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The beauty of this festival (and IndyManBeerCon – its almost “sister” festival), is the opportunity to chat to the alchemists who make these fine brews. It was with this in mind, that I abandoned my usual social reserve and approached the London Brewers Alliance bar where I spotted two gentlemen sporting the latest in promotional “beer wear” fashion T-Shirts, Logan Pant from Beavertown of Hackney and Gregg Irwin from Weird Beard of Hanwell. Both nice blokes, passionate about what they do and banging out some astonishingly good beers.

Whilst chatting, a certain Mr Bailey from Hardknott of Cumbria wandered over to further discuss with Gregg what may turn into a future collaboration brew. Keep your eyes peeled for that one! A brief chat with Dave (get me, all familiar like!) revealed another really nice bloke who also loves what he does. He’s also bloody good at it. One of his beers (Infra Red) has been chosen as one of the 20 beers by Sainsbury for their annual Great British Beer Hunt (beertoday.co.uk). Wish them well with this, if successful, this may be the spark for a considerable expansion for their excellent brewery.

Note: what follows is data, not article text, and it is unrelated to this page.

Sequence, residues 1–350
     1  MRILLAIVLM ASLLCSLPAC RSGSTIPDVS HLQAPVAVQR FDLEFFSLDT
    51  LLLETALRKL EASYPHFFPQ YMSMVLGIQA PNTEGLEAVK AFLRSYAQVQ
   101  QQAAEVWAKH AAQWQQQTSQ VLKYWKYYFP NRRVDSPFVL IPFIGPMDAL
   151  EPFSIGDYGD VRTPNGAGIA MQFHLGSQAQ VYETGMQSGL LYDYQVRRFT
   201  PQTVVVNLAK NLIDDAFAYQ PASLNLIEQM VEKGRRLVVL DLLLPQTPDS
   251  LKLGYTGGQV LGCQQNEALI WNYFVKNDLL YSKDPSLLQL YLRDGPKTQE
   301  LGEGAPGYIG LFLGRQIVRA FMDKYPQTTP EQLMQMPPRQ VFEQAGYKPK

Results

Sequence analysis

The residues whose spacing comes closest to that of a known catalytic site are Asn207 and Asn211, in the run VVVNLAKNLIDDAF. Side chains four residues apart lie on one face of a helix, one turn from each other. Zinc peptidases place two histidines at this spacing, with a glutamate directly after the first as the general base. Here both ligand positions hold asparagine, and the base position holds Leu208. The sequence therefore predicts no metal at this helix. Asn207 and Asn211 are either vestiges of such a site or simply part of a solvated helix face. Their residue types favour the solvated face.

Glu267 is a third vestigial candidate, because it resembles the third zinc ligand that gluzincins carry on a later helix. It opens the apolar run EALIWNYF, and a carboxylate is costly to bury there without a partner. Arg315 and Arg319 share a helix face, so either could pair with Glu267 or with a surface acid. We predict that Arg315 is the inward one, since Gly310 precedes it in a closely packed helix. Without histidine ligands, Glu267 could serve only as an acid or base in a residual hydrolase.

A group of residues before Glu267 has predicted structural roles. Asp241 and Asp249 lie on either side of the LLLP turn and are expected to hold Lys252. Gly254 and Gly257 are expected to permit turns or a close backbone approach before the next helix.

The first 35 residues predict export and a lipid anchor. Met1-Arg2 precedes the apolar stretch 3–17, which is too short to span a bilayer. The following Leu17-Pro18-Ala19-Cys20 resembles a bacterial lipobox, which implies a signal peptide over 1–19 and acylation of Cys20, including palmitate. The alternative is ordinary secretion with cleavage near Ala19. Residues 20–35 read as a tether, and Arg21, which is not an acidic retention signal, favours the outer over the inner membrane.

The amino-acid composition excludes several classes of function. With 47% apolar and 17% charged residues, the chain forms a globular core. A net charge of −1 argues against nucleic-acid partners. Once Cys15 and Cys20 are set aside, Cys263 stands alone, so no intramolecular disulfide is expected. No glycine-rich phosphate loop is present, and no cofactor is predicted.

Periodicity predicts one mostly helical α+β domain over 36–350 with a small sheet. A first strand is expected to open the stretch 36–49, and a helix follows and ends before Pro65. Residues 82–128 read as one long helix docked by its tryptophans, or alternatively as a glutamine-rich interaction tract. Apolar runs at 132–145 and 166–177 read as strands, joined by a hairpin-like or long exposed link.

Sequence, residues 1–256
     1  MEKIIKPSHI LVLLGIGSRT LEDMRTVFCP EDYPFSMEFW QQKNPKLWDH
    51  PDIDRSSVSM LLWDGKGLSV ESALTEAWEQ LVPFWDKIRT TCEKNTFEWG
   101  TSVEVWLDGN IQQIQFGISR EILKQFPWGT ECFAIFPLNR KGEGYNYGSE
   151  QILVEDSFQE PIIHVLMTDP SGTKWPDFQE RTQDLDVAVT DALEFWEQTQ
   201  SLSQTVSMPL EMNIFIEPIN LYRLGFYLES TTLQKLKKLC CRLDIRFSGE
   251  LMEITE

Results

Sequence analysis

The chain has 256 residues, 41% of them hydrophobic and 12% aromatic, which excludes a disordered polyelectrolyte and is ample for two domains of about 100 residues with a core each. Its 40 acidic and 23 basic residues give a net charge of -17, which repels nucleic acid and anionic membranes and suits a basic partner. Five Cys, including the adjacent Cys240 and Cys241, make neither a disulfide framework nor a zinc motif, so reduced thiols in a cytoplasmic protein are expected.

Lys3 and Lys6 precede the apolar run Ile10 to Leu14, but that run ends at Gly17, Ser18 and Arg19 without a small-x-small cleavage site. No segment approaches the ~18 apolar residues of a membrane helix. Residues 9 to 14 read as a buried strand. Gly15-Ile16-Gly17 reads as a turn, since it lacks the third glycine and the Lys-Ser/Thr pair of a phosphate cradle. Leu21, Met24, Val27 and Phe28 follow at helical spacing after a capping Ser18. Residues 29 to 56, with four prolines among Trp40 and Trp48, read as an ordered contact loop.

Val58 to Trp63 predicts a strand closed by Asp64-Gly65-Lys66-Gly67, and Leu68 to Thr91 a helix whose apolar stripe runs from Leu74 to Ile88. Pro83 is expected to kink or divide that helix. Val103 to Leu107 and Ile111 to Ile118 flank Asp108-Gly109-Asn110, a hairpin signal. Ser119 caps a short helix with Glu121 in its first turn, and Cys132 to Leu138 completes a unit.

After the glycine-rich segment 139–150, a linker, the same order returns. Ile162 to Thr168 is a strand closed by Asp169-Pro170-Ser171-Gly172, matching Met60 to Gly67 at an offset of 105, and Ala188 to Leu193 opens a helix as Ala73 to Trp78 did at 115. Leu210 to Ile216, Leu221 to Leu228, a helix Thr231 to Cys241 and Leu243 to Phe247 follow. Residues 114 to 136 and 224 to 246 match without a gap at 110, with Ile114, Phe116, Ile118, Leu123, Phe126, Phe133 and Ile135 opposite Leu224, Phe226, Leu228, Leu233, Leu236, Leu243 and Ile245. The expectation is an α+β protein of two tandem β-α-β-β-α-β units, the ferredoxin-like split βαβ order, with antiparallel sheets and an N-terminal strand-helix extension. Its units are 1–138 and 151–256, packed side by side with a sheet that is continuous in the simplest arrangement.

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Getting slightly busier by now, it was time for another beer, this time Railway Porter from the excellent Five Points Brewing Co of Hackney. I’ve had a few of their bottles from Damian O’Sheas’ excellent stall at Castlefield Market. Now for some draught on keg. A very dark brown beer which I left to warm slightly. Bitter chocolate and spicy hop nose on this, with more gentle bitter chocolate in the mouth, Nice hopping led to a dry bitter finish. Nice! I caught up with Ed from the brewery later, another top bloke taking time out to chat to customers!